Neil Turner's Blog

Blogging about technology and randomness since 2002

Netflix – 8 tips to get the most from your subscription

Screenshot of the Netflix home page

We’re a few months into our Netflix subscription and on the whole we haven’t been getting as much value out of it as I expected us to, which is a shame. I had considered cancelling it, as it’s not worth paying for something that I don’t use. And whilst I’m still open to that idea if we’re still not using it much in a few months’ time, I decided to rethink how we’re using Netflix rather than going for the nuclear option straight-away.

So, here are my tips for making the most of your Netflix subscription.

1. Add lots of titles to your list

Netflix has a ‘queue’ of sorts, called My List, where you can add films and shows that you want to watch. These could be films that you haven’t seen before, or TV shows that you want to watch again, or childrens’ shows that your kids want to watch over and over again. Keeping lots of titles here will mean that you avoid the situation where you open Netflix to watch something but then can’t immediately think what you want to watch.

2. Add TV shows to your list

Netflix, despite its name, isn’t just about ‘flicks’, i.e. movies/films. There are plenty of TV shows on there, and in some cases you can watch every season. So add a few TV shows to your list as well as films – that way, if you don’t have enough spare time for a whole film, then you can watch a quick half hour TV show.

3. Install Netflix’s mobile apps to add to your list on the go…

Let’s say you’re out with your friends, and someone recommends a film or TV show to you. If you have the Netflix app on your phone, you can simply add it to your list there and then. No need to write it down or try to remember it and then forget it. And then you can watch it when you have the time to do so.

4. …or to watch things on the go

Admittedly watching films and TV shows on a smartphone screen doesn’t make for a good experience. But if you have a generous data allowance on your mobile contract and nothing better to do, then why not pass the time with a quick TV show? Even better if you have a tablet with a larger screen. And it’s great for sick days when you can’t face getting out of bed to watch TV.

5. Watch films in bits

Netflix remembers your position when watching content, even if you break off and have to do something else. So if you don’t have time to watch a full feature-length film, just watch a bit of it. Then, pick it up again when you have some more time. The position will synchronise between the web site and apps, so you could start watching a film on your Roku or Apple TV, then watch a bit on your iPhone before finishing it off on the web site.

6. Build up your taste profile for better recommendations

One of Netflix’s big selling points is its ability to recommend films and TV shows to you that you may not have come across. As you watch content on Netflix, it learns what you like and, over time, its recommendations should improve. However, when you first get started Netflix may struggle to suggest anything sensible, so spend some time on the ‘taste profile’ tab on the web site to refine its suggestions. Or just browse around and rate any films and TV shows that you have already seen.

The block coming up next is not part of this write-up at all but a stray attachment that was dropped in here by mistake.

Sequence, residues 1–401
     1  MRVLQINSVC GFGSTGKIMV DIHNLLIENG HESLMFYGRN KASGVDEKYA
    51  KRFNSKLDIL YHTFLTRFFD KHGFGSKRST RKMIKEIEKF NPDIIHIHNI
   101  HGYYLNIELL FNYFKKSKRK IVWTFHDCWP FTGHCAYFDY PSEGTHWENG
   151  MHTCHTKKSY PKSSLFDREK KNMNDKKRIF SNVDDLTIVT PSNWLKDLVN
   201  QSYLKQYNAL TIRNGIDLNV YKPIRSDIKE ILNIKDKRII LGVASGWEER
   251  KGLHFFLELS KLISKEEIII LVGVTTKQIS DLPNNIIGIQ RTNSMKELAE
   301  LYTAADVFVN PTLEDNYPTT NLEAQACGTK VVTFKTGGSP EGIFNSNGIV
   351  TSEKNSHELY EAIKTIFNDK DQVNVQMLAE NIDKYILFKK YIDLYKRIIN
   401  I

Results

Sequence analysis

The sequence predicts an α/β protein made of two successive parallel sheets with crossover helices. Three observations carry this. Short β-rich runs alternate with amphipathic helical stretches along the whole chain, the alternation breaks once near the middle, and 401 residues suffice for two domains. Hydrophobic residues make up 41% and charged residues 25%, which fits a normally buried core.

As Netflix’s recommendations improve, you’ll hopefully find some interesting new content to add to your list.

7. Find out when new releases are available using Netflix Notifier

Netflix Notifier is a third-party site which lets you create a watchlist of films that you want to see, but that aren’t on Netflix yet – and then emails you when they become available. I reviewed it in July when I added four films – of those, so far only Hunger Games: Catching Fire has become available to watch in the UK.

8. Use a VPN to access another country’s library

Because of the weird and wonderful world of international copyright licensing agreements, the selection of films and TV shows differs between each country that Netflix operates in. A way around this is using a VPN – a Virtual Private Network – to fool Netflix into thinking you’re based somewhere else. So a British user could use a VPN located in the US to watch shows that would be otherwise unavailable. Be aware that you’ll probably have to pay extra for a decent VPN connection. And bear in mind that film studios are pressuring Netflix to block access from VPNs – whilst it would be impossible to block every VPN, some of the more popular ones may get locked out.

How to work out whether Netflix is worth it for you

Netflix is basically an all-you-can-eat buffet, when compared to ‘a la carte’ services like Google Play and Blinkbox where you pay for each individual episode or season. To take the example of Channel 4 show Misfits, Blinkbox charges £1.89 per episode or £8.99 per series; if you watch four episodes in a month, then Netflix is cheaper as it costs £5.99 per month. Films on Blinkbox are typically around £2.50, or more for new releases.

So if you’re watching, say, two films, or four TV shows, or a film and two TV shows each month, then you’re probably getting your money’s worth. If not, and you’ve tried all of my suggestions above, then you may wish to reconsider whether a subscription service like Netflix is best for you. You may get better value from other sites where you pay for each show individually.

Comments are closed.